- Vitamin K– synthesizes certain proteins that are prerequisites for blood coagulation.
- Folate– one of the B-vitamins that is needed to make red and white blood cells in bone marrow, convert carbs to energy, and produce DNA.
- Vitamin C– cannot be produced in the body therefore awareness on consumption is essential. Vitamin C is a necessary antioxidant for strengthening the body’s natural defenses, also known as immune system.
- Potassium– a mineral and electrolyte, that produces electrical impulses around the body and assist with: blood pressure, muscle contractions, nerve impulses, digestion, and heart rhythm.
- Vitamin B5– essential for the production of energy and breaking down fats and carbohydrates.
- Vitamin B6– necessary for normal brain development and for keeping the nervous and immune system healthy.
- Vitamin E– dissolves fat and supports vision, reproduction, and healthy blood, brain, and skin.
Understandably, those with nut allergies cannot consume walnuts.
For those that can, walnuts provide amazing benefits, like having twice as many antioxidants than almonds and peanuts. These small nuts are packed with DHA (omega’s), protein and minerals.
A study conducted by Rush University showed that people that 1-2 servings of greens, like spinach, for 5 years, had the cognitive abilities of someone 11 years younger.
Spinach is loaded with vitamin K, folate, beta carotene (an antioxidant), and lutein (an antioxidant).
4. Dark Chocolate
This is a win. chocolate for brain food!
Chocolate has high levels of flavanols. Dr. Bret S. Stetka, MD, states the following about flavanols:
“These abundant phenolic plant compounds have marked antioxidant and anti-inflammatory properties and are thought to be responsible for much of the health benefit ascribed to chocolate consumption”.
Studies like the Swedish Mammography Cohort study found the following results:
Increasing chocolate consumption by 50 g per week reduced
- Cerebral infarction risk by 12%
- Hemorrhagic stroke risk by 27%,
- Total stroke risk by 14%
5. Green Tea
Green tea is known to be a powerful antioxidant beverage that helps improve brain function, contributes to fat loss, and reduces risk of cancer.
Additionally, loaded with L-theanine (an amino acid), it increases dopamine.
Kale has so much of what we need in one bunch. Loaded with iron, folate, vitamin B6, and protein, it has everything that the brain needs to produce serotonin and dopamine.
Tomatoes are packed with antioxidants; however, have an added benefit- lycopene. Lycopene regulates the genes in the brain that influence inflammation and contribute to brain growth.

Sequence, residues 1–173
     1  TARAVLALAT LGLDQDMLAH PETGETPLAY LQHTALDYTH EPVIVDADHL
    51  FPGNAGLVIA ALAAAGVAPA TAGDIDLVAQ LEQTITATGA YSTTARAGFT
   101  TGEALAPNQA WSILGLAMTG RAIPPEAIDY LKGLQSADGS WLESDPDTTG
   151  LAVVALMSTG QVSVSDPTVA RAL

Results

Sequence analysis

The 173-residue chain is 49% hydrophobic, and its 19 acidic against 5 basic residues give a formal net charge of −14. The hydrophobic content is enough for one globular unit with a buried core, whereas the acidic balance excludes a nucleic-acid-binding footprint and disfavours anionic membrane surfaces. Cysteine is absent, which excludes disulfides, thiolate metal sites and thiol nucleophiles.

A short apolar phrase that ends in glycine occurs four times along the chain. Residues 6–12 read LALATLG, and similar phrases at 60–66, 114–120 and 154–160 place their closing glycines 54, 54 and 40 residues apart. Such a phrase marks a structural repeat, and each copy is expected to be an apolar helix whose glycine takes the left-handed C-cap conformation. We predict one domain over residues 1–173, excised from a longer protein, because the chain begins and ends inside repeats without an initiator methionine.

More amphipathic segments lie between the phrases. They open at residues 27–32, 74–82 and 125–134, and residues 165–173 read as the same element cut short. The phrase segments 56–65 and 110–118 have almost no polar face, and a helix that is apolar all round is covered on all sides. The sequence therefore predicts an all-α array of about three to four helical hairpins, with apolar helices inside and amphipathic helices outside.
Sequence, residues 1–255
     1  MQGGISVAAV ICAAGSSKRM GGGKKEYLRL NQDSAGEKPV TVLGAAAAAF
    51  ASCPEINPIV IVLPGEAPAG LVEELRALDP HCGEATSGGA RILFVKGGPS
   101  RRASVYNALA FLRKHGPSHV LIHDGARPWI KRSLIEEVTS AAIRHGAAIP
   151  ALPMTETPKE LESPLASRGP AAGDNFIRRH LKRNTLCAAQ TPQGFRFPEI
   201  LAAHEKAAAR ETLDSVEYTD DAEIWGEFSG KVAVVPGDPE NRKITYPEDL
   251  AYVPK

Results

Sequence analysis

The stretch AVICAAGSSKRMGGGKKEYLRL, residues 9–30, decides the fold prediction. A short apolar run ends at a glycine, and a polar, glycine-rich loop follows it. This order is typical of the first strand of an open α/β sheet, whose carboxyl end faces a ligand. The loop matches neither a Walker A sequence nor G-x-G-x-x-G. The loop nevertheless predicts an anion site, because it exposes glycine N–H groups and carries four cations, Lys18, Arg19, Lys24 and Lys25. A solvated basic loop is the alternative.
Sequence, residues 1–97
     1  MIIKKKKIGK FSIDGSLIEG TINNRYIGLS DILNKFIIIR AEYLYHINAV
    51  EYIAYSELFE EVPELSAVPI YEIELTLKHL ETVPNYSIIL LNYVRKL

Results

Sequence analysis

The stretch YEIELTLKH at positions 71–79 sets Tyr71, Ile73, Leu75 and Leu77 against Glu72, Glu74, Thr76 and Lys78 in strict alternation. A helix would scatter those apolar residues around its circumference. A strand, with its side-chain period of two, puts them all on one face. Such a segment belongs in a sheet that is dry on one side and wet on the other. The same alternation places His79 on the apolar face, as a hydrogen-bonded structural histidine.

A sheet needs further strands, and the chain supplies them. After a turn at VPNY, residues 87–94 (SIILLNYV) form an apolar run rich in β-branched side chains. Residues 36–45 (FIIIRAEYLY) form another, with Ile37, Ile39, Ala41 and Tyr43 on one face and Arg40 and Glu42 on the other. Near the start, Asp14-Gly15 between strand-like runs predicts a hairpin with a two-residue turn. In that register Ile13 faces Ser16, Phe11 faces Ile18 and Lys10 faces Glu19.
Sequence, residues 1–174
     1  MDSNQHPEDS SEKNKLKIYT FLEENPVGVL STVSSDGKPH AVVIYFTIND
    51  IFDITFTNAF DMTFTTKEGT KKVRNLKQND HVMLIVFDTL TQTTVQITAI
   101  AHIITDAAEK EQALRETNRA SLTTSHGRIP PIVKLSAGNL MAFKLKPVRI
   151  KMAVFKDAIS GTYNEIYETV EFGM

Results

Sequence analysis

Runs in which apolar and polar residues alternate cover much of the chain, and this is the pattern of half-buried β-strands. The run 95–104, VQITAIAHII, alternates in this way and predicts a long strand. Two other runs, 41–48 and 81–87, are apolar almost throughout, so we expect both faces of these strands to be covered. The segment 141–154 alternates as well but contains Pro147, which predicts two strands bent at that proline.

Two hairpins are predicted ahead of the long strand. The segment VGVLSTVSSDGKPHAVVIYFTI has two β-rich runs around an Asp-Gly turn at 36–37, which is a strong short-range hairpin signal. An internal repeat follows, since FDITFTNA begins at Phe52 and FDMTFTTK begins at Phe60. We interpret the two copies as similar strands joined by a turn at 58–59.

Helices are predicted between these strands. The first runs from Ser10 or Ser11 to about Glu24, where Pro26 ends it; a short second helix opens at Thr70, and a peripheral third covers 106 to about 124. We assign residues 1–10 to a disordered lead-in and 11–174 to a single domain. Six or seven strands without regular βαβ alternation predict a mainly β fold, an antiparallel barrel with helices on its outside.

Besides adding amazing flavor, sage is makes for great brain food. It’s an antioxidant and anti-inflammatory. Not only is it used for pain relief, but it also contributes to the enhancement of memory and cognitive abilities.
A little seed packed with huge benefits. Chia seeds are rich in DHA (omega)and a complete protein.
This means that they carry 9 of the essential amino acids necessary to keep moods sable and brains functioning at their best.
Eating mindfully is essential for our well beings. Our brain control everything. We feed it knowledge, we also need to feed it proper nutrients. Stock up on these brain foods to keep that machine running at its best!
At the start of the year, if you had asked anyone if they could do their work from home, many would have said no. They would have cited the need for team meetings, a place to be able to sit down and get on with their work, the camaraderie of the office, and being able to meet customers and clients face to face.
Almost ten months later, most of us have learned that we can do our work from home and in many ways, we have discovered working from home is a lot better than doing our work in a busy, bustling office environment where we are inundated with distractions and noise.
One of the things the 2020 pandemic has reminded us is we humans are incredibly adaptable. It is one of the strengths of our kind. Yet we have been unknowingly practicing this for years. When we move house we go through enormous upheaval.
When we change jobs, we not only change our work environment but we also change the surrounding people. Humans are adaptable and this adaptability gives us strength.
So, what are the pros and cons of working from home? Below I will share some things I have discovered since I made the change to being predominantly a person who works from home.
Pro #1: A More Relaxed Start to the Day
This one I love. When I had to be at a place of work in the past, I would always set my alarm to give me just enough time to make coffee, take a shower, and change. Mornings always felt like a rush.
Now, I can wake up a little later, make coffee and instead of rushing to get out of the door at a specific time, I can spend ten minutes writing in my journal, reviewing my plan for the day, and start the day in a more relaxed frame of mind.
When you start the day in a relaxed state, you begin more positively. You find you have more clarity and more focus and you are not wasting energy worrying about whether you will be late.
Pro #2: More Quiet, Focused Time = Increased Productivity
One of the biggest difficulties of working in an office is the noise and distractions. If a colleague or boss can see you sat at your desk, you are more approachable. It is easier for them to ask you questions or engage you in meaningless conversations.
Working from home allows you to shut the door and get on with an hour or two of quiet focused work. If you close down your Slack and Email, you avoid the risk of being disturbed and it is amazing how much work you can get done.